Today’s news:

Supreme Court ruling gives businesses power to decide elections

Five-four: That Supreme Court proportion sends chills down one’s spine and should down the spine of our country. Back in 2000, that sole lifetime appointment position of one of the three branches of our federal government, the judicial, decided the presidential candidate with the popular vote of the American people would not occupy the Oval Office by halting the Florida recount vote, which might have given the candidate the electoral vote as well.

That intervention into the electoral process cursed us with a president for four years who, by initiating a pre-emptive faux war, insured his re-election for another four. A country does not change administrations during a war, invented or otherwise. Those eight years brought us to the apocalypse precipitated by that Supreme Court’s 5-4 decision. Finally, in 2008, that apocalypse was passed on to the next president.

And now we have another 5-4 outrage by our nine robed rogues. Five “independent” Supreme Court justices have decided to give corporations, together with their foreign owners, and unions the right to buy the elections of our future candidates.

It makes no difference if the mega-dollars spent by those special interest organizations are right, left or in-between. The absurdity that they should have the opportunity to contribute to a party’s candidate just like you and me is outrageous.

This is opposed to what should be the manner in which our political figures are selected: federally funded campaigns. One person — not a group morphed into one person — one vote. That vote should be based on what the candidate proposes on his or her platform and not on how much TV, radio, newspaper, telephone, online, etc., time he or she can afford to purchase.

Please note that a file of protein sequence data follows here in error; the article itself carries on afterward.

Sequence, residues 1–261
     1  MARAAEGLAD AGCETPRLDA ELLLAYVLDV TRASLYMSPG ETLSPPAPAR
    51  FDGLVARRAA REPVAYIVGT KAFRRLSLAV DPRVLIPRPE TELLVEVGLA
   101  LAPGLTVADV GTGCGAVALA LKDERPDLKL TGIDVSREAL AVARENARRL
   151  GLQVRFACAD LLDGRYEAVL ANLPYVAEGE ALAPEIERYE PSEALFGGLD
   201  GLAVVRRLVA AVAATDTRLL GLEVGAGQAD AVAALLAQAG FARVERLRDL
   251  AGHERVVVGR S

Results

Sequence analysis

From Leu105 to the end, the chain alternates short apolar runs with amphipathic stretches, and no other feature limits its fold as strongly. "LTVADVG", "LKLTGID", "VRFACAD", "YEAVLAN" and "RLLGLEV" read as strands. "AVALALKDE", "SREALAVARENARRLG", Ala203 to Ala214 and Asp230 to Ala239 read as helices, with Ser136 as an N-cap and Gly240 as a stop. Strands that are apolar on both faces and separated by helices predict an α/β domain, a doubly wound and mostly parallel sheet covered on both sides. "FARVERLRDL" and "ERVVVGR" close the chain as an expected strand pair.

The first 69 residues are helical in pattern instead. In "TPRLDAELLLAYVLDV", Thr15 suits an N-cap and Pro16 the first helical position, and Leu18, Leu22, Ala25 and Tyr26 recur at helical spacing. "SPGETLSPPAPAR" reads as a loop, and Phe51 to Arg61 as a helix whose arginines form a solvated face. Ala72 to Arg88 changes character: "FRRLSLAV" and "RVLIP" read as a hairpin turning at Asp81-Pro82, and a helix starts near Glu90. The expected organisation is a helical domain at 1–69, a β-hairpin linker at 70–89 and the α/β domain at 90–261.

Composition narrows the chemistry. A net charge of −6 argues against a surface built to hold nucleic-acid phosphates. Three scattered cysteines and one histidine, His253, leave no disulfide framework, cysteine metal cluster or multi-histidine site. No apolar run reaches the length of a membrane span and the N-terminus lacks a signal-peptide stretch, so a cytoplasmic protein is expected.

Right and left, McCain and Feingold realized the need to reform the electoral finance situation. Now five justices have put our elections up for sale and it appears there is no way of reversing their decision. Kind of gives a new, convoluted meaning to the often-abused term “democracy.”

Didn’t the Republicans cry that newcomer Sonia Sotomayor would tend to legislate from the bench? That is what these five patriotic supporters of their country, the United States of Corporations, just did.

In the 2000 debacle, the five “independent” justices were conservatives while the other four were composed of two appointed during a Democratic administration and two Republican-appointed ones who could not stomach the outrageous overreaching of their five fellow “independent” conservative Supreme Court justices.

Now in 2010, the five are again conservative “independent” Republicans and the other four composed of three Democratic appointees plus this time one Republican-appointed one who rebelled against the injustice of selling American elections to corporate contributors.

Supreme Court justices should be voted into office with term limitations. That they are independent and non-partisan would be laughable if only it did not hurt so much trying to laugh at the injustice of it all.

Nicholas Zizelis

Bayside

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